Touch heart

For the first seven years of his life,

Konchog Gyaltsen never knew

who his father was.

He did not even know that he had a father.

The thought never occurred to him!


Chapter One

Birth and Childhood at Dong-go

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Konchog Gyaltsen was told that early one summer, some wild birds came to his village.  These birds usually lived in the forest but they landed on the roof of the house where his mother lived, and stayed there for a few days.  No one could chase them away and so the villagers thought of it as an unusual sign.

It was then that Konchog Gyaltsen was conceived.

Soon afterward, his mother had a dream in which she saw blazing sunlight coming from the east and radiating toward her. All sunshine, bright, beautiful, golden sunshine.  It pervaded her dream, her senses, her very being. It was as if she was being bathed in wonder. The light dissolved into her, and she woke up.

Konchog Gyaltsen’s mother gave birth to him early in the morning on the 25
th day of the Second month of the Fire Ox year (1937)  in the house where the forest birds had landed.  There were four other boys in the local Gar area who were born in that very same year, and it is said that some of them bore the exact same astrological sign: Tsering Phuntsok, Ngudrub Gyamtso, Dampa Yeshe, and another boy who, incidentally, was also given the same name as Konchog Gyaltsen.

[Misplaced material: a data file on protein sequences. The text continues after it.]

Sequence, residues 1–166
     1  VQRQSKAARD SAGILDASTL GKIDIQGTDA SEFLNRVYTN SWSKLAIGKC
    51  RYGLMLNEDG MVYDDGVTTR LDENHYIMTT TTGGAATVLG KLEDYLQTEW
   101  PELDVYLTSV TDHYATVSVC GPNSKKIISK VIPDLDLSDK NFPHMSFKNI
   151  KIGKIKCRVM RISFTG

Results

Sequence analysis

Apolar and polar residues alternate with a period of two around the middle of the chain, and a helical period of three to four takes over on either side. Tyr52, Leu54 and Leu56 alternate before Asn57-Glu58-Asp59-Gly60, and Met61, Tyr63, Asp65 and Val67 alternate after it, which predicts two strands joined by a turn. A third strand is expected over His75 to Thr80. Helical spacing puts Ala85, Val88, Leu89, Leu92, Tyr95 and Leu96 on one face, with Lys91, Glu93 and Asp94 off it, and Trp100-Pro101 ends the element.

When Dampa Yeshe’s mother was carrying him in her womb, many unusual dreams came to her. One day, a cuckoo bird gently landed on her shoulder.  It said cuckoo, cuckoo a few times, and then, as gently as it had landed, it unhurriedly glided away.  That was unheard of for a cuckoo bird to land on a human shoulder and to declare its presence by calling out to her.

Extraordinary too was the dream that Ngudrub Gyamtso’s father had of the previous 7
th Gar Rinpoche, Thinley Yongkyab  when Ngudrub Gyamtso was conceived.  He saw this high lama come to his house and cut open the stomach of his pregnant wife with a dri-gug, a ritualistic curved knife that symbolizes transcendent wisdom to cut through delusions.  The lama took out the infant from the mother’s womb, cut open the infant and pulled out the infant’s heart.  Then, he cut open the heart in which he carefully inserted a small, sparkling piece of crystal. Having done that, the lama sealed the infant’s heart, put the heart back inside the infant’s body and put the baby back in its mother’s womb.